San Diego Registrar of Voters unveils new drop boxes as ballots go out to voters
Ballots started getting mailed out over the weekend, and voters in San Diego County have a new way to send them back to be counted.
On Monday, Registrar of Voters Cynthia Paes unveiled new, stand-alone ballot drop boxes that voters can use to cast their ballots. She said it's very secure and voters can be assured their votes won't be tampered with.
“It's made of high-grade stainless steel. It has tamper evident measures — security measures," she said. "It also has a very thin space to insert the ballot. It has double locking mechanisms in the doors. So it just provides another convenient accessible option for turning in your ballot.”
In addition, there are heavy-duty chains to secure the boxes in place to prevent someone from ripping them out. These are the same boxes that have been used in Los Angeles and Orange counties for the last couple of years.
There are 141 of them throughout the county. Click here for a list of locations.
With ballots heading to voters' mailboxes, Paes says residents don't have to wait until election day to cast their ballots. They can do it as soon as they receive their ballots.
"I did today," she said. "I actually dropped mine in (the new drop box)."
While drop boxes are convenient, some voters don't think they are necessary. San Diego resident Stephen Scimone, who votes by mail, said there are plenty of other places to drop off your ballots.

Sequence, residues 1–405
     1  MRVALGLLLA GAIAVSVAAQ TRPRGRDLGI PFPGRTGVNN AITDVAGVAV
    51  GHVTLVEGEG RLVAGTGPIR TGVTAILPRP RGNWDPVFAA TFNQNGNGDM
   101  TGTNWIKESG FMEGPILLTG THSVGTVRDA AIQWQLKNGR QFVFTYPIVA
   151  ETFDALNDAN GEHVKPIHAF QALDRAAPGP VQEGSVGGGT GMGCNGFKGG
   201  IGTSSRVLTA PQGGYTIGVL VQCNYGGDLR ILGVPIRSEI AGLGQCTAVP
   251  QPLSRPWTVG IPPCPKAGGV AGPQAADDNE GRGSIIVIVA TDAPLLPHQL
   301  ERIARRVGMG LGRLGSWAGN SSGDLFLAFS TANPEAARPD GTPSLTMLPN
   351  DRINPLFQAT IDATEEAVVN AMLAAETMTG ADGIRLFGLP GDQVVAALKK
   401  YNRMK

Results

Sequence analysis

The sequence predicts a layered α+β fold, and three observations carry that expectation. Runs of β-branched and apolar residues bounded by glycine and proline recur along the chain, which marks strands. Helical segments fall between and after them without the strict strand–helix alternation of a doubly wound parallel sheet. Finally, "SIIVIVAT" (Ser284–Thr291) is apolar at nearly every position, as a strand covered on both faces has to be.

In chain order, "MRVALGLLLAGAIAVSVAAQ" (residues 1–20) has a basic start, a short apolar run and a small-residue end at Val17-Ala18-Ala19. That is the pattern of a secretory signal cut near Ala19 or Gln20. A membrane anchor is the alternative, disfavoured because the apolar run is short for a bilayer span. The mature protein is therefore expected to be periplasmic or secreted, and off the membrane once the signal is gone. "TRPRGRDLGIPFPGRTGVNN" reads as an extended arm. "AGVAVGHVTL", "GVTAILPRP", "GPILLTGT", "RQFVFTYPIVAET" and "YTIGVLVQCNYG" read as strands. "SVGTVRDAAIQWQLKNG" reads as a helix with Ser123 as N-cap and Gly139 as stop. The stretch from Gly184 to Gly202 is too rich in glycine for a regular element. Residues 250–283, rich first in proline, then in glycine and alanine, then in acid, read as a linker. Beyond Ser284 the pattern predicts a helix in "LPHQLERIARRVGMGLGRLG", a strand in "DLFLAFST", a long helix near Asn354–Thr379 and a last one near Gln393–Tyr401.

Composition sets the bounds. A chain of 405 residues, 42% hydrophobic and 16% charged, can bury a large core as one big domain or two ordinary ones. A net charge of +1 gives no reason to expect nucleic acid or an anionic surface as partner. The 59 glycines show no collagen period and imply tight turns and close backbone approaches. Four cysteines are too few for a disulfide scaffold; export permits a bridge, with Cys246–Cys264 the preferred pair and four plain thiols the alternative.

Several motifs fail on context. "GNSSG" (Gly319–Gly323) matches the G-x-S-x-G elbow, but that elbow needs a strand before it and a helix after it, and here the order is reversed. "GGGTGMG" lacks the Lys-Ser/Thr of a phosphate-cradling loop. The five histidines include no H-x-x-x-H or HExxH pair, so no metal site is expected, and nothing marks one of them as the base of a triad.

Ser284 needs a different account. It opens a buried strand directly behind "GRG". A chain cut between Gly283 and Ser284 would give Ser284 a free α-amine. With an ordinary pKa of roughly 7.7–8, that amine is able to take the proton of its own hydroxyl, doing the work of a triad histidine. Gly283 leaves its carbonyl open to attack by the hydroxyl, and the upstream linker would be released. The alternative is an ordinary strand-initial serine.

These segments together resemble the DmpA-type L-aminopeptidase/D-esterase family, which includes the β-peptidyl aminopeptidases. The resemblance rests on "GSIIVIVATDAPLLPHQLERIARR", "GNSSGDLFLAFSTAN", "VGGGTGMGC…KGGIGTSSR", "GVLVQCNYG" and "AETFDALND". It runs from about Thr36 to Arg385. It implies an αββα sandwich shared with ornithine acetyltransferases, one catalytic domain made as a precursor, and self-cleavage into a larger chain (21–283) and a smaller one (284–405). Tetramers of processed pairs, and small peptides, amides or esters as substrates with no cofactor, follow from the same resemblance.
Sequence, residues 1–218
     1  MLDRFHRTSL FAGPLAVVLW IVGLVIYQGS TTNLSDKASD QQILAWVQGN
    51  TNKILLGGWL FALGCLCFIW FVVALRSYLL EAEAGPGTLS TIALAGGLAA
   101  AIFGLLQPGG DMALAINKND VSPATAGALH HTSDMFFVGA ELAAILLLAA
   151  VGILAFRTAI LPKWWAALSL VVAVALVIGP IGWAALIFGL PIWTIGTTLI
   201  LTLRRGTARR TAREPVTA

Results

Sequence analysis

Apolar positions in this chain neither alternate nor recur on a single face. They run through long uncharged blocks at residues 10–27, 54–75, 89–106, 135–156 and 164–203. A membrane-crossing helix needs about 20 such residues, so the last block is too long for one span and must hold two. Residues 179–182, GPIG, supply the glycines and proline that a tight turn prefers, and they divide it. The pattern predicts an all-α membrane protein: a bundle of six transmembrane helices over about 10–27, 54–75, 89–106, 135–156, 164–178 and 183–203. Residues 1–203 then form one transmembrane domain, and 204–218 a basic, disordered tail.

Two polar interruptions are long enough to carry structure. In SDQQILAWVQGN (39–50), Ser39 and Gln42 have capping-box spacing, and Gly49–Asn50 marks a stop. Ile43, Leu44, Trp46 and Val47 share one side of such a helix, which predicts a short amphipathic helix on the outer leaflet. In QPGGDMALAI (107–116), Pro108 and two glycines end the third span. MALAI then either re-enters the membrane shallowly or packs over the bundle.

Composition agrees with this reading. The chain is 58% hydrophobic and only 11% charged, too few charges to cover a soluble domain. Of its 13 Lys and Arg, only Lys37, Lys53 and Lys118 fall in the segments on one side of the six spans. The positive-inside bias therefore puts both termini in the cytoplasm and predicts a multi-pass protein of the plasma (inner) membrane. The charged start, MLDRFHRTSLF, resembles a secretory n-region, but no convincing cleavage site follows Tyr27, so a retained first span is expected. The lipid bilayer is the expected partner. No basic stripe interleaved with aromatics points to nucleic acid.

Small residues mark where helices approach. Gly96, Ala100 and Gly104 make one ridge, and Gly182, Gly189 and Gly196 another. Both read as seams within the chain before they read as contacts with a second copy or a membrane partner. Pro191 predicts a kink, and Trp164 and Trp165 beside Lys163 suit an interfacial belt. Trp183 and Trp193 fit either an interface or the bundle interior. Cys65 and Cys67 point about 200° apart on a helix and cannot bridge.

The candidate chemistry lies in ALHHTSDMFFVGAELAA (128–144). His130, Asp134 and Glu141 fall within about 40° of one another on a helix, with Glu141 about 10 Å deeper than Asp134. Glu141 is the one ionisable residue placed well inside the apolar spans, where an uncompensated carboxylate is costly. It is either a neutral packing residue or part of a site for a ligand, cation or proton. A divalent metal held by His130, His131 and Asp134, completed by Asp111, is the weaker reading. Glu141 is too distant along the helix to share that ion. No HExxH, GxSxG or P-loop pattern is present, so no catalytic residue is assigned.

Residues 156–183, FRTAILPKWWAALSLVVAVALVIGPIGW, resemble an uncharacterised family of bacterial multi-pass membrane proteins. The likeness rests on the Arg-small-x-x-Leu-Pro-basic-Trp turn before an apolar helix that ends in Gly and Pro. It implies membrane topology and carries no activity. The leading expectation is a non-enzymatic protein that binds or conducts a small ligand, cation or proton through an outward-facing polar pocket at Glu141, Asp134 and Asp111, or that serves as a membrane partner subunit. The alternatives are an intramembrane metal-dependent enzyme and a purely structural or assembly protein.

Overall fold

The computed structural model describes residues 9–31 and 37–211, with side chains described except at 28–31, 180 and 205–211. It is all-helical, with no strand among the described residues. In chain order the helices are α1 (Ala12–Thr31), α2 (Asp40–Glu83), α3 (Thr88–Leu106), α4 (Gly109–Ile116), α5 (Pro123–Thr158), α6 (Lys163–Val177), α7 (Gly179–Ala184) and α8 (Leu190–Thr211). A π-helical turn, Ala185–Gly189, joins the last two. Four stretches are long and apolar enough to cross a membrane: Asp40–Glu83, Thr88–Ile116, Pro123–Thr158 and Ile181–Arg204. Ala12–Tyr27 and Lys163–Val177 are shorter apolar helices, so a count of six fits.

"You can do it by mail or you can drop it off at the polling place. So to me, like I said, I guess it seems unnecessary,” Scimone said. "It just gives people another way just to vote, just so that it's there. They're making it easy, but it's almost too easy."
Ballot drop boxes are required by California law. The official boxes are red, white and blue with the registrar's logo and county seal.
Despite the ease of voting, Paes predicts voter turnout to hover around 65%, which she said is decent for a non-presidential election year.
"The presidential primary [turnout]... in 2020 was 83%, and we typically see higher turnout in the presidential year," Paes said. "So for this election, I would anticipate 65%."
Voter turnout in the 2018 gubernatorial election was 60% and in the 2021 recall election, the turnout was 66%.